5. Straw phonation is the newest craze! Cheap, easy, fun and full of benefit. Ingo Titze has done an amazing job with researching benefits that come from phonating or making noise through a narrow straw. This is so perfect for children because they can take their straws anywhere and improve their voicing while letting their friends join in. This is even great for your whole classroom, and for teachers to share on the vocal benefits. I take straw phonation breaks all the time. Keep kids interested with these: 

Climb mountains with straw phonation

Climb mountains with straw phonation

Fly your airplanes with straw phonation

Fly your airplanes with straw phonation

Kristie Knickerbocker, MS, CCC-SLP, is a speech-language pathologist and singing voice specialist in Fort Worth, Texas. She rehabilitates voice and swallowing at her private practice, a tempo Voice Center, and lectures on vocal health to area choirs and students. She also owns and runs a mobile videostroboscopy and FEES company, Voice Diagnostix. She is an affiliate of ASHA Special Interest Group 3, Voice and Voice Disorders, and a member of the National Association of Teachers of Singing and the Pan-American Vocology Association. Knickerbocker blogs on her website at  www.atempovoicecenter.com. She has developed a line of kid and adult-friendly therapy materials specifically for voice on TPT or her website. Follow her on Pinterest, on Twitter and Instagram or like her on Facebook.

Terminating...Why Words Matter

In an age where we are all faced with political correctness, it proves beneficial to be well versed in all the ways a person could describe something. Lately we have been how to describe very delicate subjects such as the transgender policy on bathrooms, ISIS driven hatred and even touchy terminology from our presidential candidates. Everyone has a platform on the internet, and now more than ever we must be very careful with our words.

Also introducing, Blake Shelton's creative new song about how (presumably Gwen Stefani) has a Way With Words. 

I find it very important to try my best to use the most appropriate terminology in life and in my vocal rehabilitation sessions. I want to address the movement to terminate the word "vocal abuse" and use "phonotrauma" in its stead.

What we've been using for a while to describe screaming, pressed talking, throat clearing, etc.

What we've been using for a while to describe screaming, pressed talking, throat clearing, etc.

Where we're headed.

Where we're headed.

The idea, brought forth to me by Kittie Verdolini Abbott in her latest lecture I attended in February, suggests that using the term "vocal abuse"  is detrimental to the vocal rehabilitation process.  Vocal abuse describes behaviors like pressed talking, screaming/shouting, coughing, singing loudly, and excessive talking. She suggests using "phonotrauma" instead, so as not to describe a person's habits with such negative context. This can help with the process of shaping and creating new and efficient vocal habits because people want to know what they're doing well, and they may tend to focus on the bad and hear nothing else you say. (And a lot of beneficial information is given during an evaluation or session.)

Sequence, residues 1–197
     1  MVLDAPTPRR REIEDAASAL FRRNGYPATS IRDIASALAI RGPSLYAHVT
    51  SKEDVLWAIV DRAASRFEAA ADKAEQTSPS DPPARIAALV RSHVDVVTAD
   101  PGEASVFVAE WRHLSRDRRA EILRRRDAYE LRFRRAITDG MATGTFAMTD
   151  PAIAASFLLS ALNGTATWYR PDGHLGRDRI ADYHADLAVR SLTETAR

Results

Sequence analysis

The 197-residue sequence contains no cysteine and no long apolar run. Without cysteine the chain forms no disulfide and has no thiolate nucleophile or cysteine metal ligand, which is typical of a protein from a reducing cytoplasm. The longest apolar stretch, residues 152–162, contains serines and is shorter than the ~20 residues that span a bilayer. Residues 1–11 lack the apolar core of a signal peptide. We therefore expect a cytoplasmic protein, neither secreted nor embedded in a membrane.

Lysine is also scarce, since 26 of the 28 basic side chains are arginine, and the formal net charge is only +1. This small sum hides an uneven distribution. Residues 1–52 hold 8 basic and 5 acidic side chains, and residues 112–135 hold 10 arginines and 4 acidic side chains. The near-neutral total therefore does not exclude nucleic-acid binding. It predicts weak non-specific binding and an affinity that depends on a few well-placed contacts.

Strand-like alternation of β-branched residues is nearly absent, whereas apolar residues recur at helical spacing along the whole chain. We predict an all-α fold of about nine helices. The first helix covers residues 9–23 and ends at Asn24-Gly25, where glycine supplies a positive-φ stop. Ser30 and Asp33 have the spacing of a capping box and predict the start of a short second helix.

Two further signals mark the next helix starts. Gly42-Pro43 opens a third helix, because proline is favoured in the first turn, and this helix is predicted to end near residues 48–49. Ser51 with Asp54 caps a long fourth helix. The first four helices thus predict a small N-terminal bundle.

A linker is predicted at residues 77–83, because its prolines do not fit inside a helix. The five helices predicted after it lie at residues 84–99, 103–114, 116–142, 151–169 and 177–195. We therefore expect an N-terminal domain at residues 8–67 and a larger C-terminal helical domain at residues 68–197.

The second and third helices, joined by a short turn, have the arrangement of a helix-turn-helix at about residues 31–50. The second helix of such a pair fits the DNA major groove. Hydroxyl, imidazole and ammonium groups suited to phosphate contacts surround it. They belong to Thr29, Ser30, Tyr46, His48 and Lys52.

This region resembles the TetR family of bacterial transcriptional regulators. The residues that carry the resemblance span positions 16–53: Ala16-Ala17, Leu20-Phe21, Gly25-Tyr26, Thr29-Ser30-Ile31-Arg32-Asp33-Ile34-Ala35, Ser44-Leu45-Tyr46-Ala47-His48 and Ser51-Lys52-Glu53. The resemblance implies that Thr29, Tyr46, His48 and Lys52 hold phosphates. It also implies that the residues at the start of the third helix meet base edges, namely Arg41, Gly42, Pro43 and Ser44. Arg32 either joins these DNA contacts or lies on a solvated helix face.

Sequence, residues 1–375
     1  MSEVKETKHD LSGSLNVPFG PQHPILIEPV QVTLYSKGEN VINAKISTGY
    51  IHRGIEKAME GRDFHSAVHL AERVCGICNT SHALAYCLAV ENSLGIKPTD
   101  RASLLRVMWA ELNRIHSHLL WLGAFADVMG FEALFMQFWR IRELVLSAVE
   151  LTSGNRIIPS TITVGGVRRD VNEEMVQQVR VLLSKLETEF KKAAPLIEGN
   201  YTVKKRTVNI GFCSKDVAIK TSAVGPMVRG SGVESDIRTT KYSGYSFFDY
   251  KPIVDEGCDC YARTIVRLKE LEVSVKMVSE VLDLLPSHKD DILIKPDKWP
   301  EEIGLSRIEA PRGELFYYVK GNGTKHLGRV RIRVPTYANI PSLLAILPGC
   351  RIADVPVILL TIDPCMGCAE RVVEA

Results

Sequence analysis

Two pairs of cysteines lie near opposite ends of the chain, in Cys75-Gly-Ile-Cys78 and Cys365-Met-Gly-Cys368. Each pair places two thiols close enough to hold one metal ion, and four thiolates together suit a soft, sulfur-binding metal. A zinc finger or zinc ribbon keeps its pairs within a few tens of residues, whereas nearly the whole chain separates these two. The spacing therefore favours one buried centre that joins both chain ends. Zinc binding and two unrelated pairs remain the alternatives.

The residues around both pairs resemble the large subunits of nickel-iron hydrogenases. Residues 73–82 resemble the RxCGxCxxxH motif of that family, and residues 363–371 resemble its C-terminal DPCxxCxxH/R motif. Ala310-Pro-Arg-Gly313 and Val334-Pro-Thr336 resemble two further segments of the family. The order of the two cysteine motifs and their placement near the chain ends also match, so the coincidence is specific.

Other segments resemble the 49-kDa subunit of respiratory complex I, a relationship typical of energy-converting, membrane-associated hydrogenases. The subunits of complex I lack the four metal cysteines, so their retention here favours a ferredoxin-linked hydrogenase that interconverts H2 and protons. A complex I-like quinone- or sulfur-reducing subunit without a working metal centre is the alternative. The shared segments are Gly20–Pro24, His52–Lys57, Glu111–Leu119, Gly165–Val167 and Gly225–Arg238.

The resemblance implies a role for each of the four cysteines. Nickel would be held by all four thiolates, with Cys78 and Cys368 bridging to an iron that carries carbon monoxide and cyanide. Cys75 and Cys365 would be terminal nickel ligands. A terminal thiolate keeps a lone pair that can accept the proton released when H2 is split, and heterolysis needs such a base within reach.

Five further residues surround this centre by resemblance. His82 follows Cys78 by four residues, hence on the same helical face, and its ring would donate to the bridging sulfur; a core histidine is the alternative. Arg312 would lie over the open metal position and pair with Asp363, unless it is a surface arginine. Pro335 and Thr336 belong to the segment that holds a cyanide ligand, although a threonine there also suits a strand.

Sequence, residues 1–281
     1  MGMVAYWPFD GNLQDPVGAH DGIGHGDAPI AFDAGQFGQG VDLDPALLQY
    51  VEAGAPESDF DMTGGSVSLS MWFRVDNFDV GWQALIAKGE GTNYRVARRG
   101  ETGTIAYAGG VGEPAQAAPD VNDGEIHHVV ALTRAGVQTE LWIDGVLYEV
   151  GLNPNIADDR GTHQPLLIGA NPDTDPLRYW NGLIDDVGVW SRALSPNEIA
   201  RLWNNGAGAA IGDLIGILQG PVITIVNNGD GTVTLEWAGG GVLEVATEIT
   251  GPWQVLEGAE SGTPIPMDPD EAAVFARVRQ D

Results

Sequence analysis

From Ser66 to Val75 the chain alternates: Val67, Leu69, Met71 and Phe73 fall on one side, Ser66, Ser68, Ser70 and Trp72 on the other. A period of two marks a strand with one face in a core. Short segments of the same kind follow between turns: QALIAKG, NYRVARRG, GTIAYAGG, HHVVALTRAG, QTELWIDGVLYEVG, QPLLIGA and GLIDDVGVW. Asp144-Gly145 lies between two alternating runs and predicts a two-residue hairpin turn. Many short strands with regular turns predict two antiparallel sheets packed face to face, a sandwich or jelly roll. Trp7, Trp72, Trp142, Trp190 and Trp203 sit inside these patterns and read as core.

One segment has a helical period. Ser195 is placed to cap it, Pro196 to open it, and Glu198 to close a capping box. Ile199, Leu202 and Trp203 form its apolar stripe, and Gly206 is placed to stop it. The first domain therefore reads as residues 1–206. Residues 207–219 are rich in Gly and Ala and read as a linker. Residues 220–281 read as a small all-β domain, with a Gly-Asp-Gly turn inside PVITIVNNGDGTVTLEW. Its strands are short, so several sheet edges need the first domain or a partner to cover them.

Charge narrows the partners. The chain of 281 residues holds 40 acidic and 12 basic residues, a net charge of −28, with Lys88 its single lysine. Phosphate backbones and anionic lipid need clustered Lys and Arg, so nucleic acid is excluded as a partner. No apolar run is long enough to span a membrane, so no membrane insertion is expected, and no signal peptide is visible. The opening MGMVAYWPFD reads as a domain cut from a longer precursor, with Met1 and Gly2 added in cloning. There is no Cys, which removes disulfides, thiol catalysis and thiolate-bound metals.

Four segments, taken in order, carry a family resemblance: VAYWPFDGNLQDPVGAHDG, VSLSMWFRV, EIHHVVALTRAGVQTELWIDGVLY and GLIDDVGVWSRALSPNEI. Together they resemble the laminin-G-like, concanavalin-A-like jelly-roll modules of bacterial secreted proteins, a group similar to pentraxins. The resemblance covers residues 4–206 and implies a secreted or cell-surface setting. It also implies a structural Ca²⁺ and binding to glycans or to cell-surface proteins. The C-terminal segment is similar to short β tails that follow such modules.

I relate this to ASHA's policy to refer to speech therapy as intervention or sessions. To me, that says we are moving away from the idea that the services SLP's provide are therapy. However, I find that much of what I do when working with voice and swallowing patients is therapeutic. I can understand and also like considering Speech-Language Pathology as more professional and holding our skilled services to higher standards. 

Other terms I'd like your input on:

  • Calling a person gender ambiguous or gender neutral. What's appropriate?
  • Vocology instead of Voice Disorders. Do you think it will cause confusion referring to an SLP as a Vocologist instead of a Speech Language Pathologist?
  • Laryngeal Dystonia or Vocal Dystonia instead of Spastic/Spasmodic Dysphonia. Does Vocal sound like Focal? Will it be similar to telling the difference between Dysphagia and Dysphasia?

I would love to hear your thoughts and input.

-ATVC

Kristie Knickerbocker, MS, CCC-SLP, is a speech-language pathologist and singing voice specialist in Fort Worth, Texas. She rehabilitates voice and swallowing at her private practice, a tempo Voice Center, and lectures on vocal health to area choirs and students. She also owns and runs a mobile videostroboscopy and FEES company, Voice Diagnostix. She is an affiliate of ASHA Special Interest Group 3, Voice and Voice Disorders, and a member of the National Association of Teachers of Singing and the Pan-American Vocology Association. Knickerbocker blogs on her website at  www.atempovoicecenter.com. She has developed a line of kid and adult-friendly therapy materials specifically for voice on TPT or her website. Follow her on Pinterest, on Twitter and Instagram or like her on Facebook.

 

Posted on June 16, 2016 .